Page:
Our country has come a long way in the last 15 years in our public embrace of the LGBT community, marked most notably by the victory, nationwide, of marriage equality. Yet serious challenges remain, particularly as the baby boomers among us begin to age. Advocates have begun to raise awareness of serious issues affecting the access of LGBT seniors to health care and housing — issues of availability, quality, and cost, all of which are often exacerbated by cultural incompetency or even outright discrimination. However, there’s a “third H” that no one is talking about: hunger.
Hunger, especially among older adults, doesn’t seem to be a top priority, especially for those in ‘leadership’ positions in our nation’s capital. Early in May, Congress will vote on House Agriculture Committee Chairman Mike Conaway’s Agriculture and Nutrition Act of 2018, known as the Farm Bill. Flying under the radar, this bill enacts a fundamental and cruel shift in how the Supplemental Nutrition Assistance Program is administered for Americans who are struggling to feed themselves and their families. It plays politics with the lives of 41 million food-insecure Americans, chief among them older Americans. No attention is paid to the fact that LGBT older adults will be disproportionately impacted by these proposed changes.
On the Los Angeles County Board of Supervisors, my colleagues and I oversee the administration of SNAP to over 1 million people, nearly one in every 10 residents of L.A. County. The county is also home to nearly one-third of California’s LGBT community, more than 413,000 openly LGBT adults, many of whom are seniors for whom SNAP is a literal lifesaver.
The farm bill would require adults between 50 and 59 to work or enroll in a training program in order to receive SNAP. This rule ignores the reality that older adults face significant barriers to finding work. Research shows that the average length of unemployment among job seekers 55 and older is over a year, five months longer than for younger people.
Older adults also face barriers to accessing food assistance due to misconceptions about eligibility, perceived stigma about accepting support, lack of guidance through complex application processes, and ageism.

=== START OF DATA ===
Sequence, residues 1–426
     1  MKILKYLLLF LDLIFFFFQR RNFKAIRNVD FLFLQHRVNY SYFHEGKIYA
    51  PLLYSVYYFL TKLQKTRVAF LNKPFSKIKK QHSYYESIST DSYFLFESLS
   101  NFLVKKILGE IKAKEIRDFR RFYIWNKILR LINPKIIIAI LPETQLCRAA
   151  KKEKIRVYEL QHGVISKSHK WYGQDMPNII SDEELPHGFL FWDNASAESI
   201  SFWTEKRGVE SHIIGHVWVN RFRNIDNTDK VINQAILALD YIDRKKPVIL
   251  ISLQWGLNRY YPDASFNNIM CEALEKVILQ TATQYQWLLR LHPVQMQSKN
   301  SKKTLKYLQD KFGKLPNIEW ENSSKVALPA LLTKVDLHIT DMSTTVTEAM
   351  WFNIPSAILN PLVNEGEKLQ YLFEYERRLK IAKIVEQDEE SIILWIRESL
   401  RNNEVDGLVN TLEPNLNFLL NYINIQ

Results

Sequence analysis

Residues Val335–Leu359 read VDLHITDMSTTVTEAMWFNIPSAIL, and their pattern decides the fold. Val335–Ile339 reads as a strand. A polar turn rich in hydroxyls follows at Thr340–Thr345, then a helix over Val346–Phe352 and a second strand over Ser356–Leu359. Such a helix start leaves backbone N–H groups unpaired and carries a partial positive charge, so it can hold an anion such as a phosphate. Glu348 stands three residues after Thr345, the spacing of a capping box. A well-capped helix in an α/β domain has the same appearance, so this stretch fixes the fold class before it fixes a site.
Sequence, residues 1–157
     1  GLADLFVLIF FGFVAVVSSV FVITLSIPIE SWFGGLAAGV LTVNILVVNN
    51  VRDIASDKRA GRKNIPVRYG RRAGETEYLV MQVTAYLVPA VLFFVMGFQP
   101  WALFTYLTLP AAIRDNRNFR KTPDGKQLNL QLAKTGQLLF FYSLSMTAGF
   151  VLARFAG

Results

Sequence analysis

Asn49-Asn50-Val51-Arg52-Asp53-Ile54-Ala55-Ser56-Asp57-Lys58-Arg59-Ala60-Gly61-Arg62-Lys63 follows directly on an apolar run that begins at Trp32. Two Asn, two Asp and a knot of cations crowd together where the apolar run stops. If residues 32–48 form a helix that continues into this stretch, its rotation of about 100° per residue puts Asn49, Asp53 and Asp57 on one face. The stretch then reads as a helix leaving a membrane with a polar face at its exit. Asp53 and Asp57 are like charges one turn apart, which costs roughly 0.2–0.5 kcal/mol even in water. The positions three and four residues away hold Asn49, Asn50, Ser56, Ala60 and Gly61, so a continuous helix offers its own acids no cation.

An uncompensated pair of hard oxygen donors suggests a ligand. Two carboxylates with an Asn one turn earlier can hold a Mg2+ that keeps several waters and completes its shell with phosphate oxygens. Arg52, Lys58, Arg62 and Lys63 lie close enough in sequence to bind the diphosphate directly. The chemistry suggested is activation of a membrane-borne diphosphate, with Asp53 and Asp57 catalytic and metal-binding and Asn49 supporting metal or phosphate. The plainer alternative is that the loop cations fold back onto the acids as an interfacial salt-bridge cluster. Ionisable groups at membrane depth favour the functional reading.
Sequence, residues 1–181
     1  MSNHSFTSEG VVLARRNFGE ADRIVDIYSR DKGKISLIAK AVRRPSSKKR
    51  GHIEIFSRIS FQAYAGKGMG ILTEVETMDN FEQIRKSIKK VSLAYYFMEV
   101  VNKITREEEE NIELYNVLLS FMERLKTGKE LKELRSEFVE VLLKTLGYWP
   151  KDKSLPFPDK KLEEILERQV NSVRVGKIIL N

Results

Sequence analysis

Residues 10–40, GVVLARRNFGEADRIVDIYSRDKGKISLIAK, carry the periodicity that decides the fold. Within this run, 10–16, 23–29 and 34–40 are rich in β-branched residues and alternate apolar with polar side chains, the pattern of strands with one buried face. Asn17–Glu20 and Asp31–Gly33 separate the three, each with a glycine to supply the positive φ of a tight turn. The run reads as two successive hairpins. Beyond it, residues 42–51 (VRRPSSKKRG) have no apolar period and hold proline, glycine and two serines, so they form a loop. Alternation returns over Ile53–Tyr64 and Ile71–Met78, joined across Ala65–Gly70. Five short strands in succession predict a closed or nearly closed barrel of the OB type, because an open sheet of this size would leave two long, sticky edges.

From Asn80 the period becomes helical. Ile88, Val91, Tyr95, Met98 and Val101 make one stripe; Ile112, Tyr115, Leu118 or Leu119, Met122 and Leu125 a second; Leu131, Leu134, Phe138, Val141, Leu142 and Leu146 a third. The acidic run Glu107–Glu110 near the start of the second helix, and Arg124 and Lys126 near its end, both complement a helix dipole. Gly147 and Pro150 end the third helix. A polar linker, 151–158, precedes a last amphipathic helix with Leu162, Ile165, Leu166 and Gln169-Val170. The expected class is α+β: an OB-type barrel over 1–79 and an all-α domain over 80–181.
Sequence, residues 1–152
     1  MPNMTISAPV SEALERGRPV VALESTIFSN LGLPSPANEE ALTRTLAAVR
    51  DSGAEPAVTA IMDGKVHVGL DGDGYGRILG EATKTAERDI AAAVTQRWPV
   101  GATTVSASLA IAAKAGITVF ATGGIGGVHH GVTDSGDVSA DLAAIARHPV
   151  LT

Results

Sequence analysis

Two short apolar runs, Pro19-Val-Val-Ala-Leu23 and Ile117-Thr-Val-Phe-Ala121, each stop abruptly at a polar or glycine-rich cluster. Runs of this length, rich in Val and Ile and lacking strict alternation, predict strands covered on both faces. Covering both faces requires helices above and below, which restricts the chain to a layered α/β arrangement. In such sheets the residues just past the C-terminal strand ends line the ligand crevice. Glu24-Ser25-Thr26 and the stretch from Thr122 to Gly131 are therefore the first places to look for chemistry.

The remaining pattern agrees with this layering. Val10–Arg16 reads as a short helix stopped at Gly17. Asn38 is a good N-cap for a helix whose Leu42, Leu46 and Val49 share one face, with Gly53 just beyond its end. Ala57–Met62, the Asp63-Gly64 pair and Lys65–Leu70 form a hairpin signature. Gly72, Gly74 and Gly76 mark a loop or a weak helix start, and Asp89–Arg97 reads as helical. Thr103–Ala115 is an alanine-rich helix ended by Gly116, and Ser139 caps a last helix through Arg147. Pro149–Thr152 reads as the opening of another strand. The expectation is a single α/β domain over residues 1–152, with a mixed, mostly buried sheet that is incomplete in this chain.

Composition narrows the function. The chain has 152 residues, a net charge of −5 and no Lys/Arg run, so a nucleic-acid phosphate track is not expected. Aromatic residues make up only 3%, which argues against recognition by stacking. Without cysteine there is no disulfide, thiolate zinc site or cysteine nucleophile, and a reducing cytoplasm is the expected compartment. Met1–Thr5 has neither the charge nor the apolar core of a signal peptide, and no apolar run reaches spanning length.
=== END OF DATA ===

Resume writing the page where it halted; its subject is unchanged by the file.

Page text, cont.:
All of these challenges are amplified for LGBT people, because we are subject to more pervasive discrimination and challenges that arise from the intersection of gender, gender identity, gender expression, race, immigration status, and geography. It also remains legal to fire (and/or not hire) LGBT people in 28 states. If the farm bill becomes law, we could see millions of older Americans forced off of SNAP, many with nowhere to turn.
According to the Williams Institute, 27 percent of all LGBT adults — 2.2 million people — are food insecure and rely on SNAP, between 7 and 10 percent higher than straight and cisgender adults. Analysis from MAZON: A Jewish Response to Hunger, a leading advocacy organization working to end hunger among people of all faiths and backgrounds, has added the sobering fact that LGBT seniors are 60 percent more likely to face food insecurity than their non-LGBT peers.
There’s much we can do to address this problem, and meaningful solutions don’t all need a pro-LGBT White House and Congress to come to fruition.
- We need cultural competency trainings for SNAP administrators and the charitable food sector, so no one ever faces the prospect of going back in the closet or discrimination in order to access enough food to eat.
- We must ban discrimination in employment, housing, and education on the basis of sexual orientation and gender identity wherever such discrimination remains legal in order to protect millions from sliding into poverty under SNAP’s new work requirements; and
- In preparation for the wave of aging LGBT Americans, who are part of a larger “silver tsunami,” we need to work with states to amend interpretation of the Older Americans Act to include sexual orientation, gender identity, and gender expression to ensure we provide greater funding for programs that prevent LGBT elders from falling into poverty.
The farm bill is the latest and most far-reaching addition to President Trump’s calls for new rules requiring beneficiaries of many social welfare programs to work or lose their benefits. We are facing an era in which our seniors are not merely shunted aside but denied the support needed to meet their most basic needs. We cannot let that happen.
SHEILA KUEHL is a Los Angeles County supervisor.